Must pick your thirst quenchers with care

Headache Horror

Must pick your thirst quenchers with care

How conscious we get when the scales on the weighing machine do not favour us! This spirals into cutting down on food, almost manically taking to a crash diet and avoiding everything that is usually branded junk or fast food.

While we are on it, have you wondered how often we feel dehydrated during summers, parched as we bear the unrelenting sun and downing cold drinks to quench our thirst.

While we know that carbonated or aerated drinks add to the calorie count, we hardly count those calories as we gulp litres and litres of juices, packaged drinks and squashes to stay cool and hydrated. Metrolife spoke to experts to know the effect of these thirst quenchers on our body.

“Packed squashes are not recommended as they contain preservatives and excess sugar, which contribute to empty calories. It is easy to drink a lot of calories without realising it.

Usually calories from such drinks do not leave you with a feeling of fullness and instead they make you crave for more sugary drinks within a short duration of time. This cycle can be a fat builder instead of thirst quencher,” explains Dr Lovneet Batra, Clinical Nutritionist, Fortis la Femme.

She recommends, “Water is a nutrient that your body needs. So, if you are not a fan of drinking plain water, take water to another level with simply infused water.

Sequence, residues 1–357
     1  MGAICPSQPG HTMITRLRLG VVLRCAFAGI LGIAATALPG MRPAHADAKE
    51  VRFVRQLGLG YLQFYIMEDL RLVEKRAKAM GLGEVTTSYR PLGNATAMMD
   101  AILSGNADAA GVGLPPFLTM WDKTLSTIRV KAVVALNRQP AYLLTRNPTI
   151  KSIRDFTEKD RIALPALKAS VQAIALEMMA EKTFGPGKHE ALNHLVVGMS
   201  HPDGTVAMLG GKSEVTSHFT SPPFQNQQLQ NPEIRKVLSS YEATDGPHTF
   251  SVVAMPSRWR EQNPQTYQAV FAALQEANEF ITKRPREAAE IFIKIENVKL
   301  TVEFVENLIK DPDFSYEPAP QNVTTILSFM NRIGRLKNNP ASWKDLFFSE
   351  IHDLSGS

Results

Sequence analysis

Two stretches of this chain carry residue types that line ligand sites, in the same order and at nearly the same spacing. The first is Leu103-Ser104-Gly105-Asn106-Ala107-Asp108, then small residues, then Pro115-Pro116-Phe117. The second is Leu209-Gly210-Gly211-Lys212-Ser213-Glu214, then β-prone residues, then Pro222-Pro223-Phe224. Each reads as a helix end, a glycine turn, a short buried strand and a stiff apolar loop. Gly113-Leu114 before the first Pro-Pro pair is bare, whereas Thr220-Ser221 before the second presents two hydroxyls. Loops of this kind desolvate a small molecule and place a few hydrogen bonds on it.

Make your own healthy, nutritious infused water with fresh fruit, herbs, raw veggies and spices and add subtle flavour and nutrition to your
hydration plan.”

Listing some interesting choices to prepare these concoctions, she recommends including “lemon, cherries, grapes, mint, basil, cinnamon to your drink or you can use different combinations to suit your palate.”

Abiding by the age-old homely traditions, Chef Rishi Verma from restaurant Sattviko, says, “Stick to your dadi ma ka mantra.... aam panna or a chilled glass of chhachh (butter milk), they are the best thirst quenchers, and at the same time take care of your health as well.”

And when you choose to pick up a packaged drink, or buy a quencher off the stalls, Rishi, says, “When buying fresh juices from the shelves always look for “100 per cent fresh juice” and always read the contents, as mostly all the tetra pack juices have less fruit content and more of sugar added to them.”

Emphasising the benefits of coconut water, Dr Loveneet, says, “Coconut water is another healthy option. It is low on the glycemic index (effect of food on blood sugar/ glucose levels), so it won’t dramatically affect your blood sugar.

It is excellent for maintaining electrolyte balance during hot sweaty summer and has anti-ageing; immunity boosting and cleansing effect. And it may also help in reducing the risk of heart disease.”

But she reminds, that “Once a coconut is cut open, the water should be consumed as exposure to air can result in loss of nutrients.”

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